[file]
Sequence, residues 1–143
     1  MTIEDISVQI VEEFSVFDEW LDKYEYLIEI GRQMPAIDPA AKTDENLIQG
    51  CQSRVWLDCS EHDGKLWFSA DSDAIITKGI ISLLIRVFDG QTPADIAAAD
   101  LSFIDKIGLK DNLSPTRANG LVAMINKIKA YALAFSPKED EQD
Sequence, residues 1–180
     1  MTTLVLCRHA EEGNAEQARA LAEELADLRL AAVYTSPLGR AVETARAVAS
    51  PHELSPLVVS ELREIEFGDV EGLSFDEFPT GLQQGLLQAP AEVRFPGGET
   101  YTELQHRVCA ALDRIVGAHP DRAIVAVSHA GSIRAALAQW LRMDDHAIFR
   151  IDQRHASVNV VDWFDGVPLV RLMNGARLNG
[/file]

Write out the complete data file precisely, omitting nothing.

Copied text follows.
Sequence, residues 1–143
     1  MTIEDISVQI VEEFSVFDEW LDKYEYLIEI GRQMPAIDPA AKTDENLIQG
    51  CQSRVWLDCS EHDGKLWFSA DSDAIITKGI ISLLIRVFDG QTPADIAAAD
   101  LSFIDKIGLK DNLSPTRANG LVAMINKIKA YALAFSPKED EQD
Sequence, residues 1–180
     1  MTTLVLCRHA EEGNAEQARA LAEELADLRL AAVYTSPLGR AVETARAVAS
    51  PHELSPLVVS ELREIEFGDV EGLSFDEFPT GLQQGLLQAP AEVRFPGGET
   101  YTELQHRVCA ALDRIVGAHP DRAIVAVSHA GSIRAALAQW LRMDDHAIFR
   151  IDQRHASVNV VDWFDGVPLV RLMNGARLNG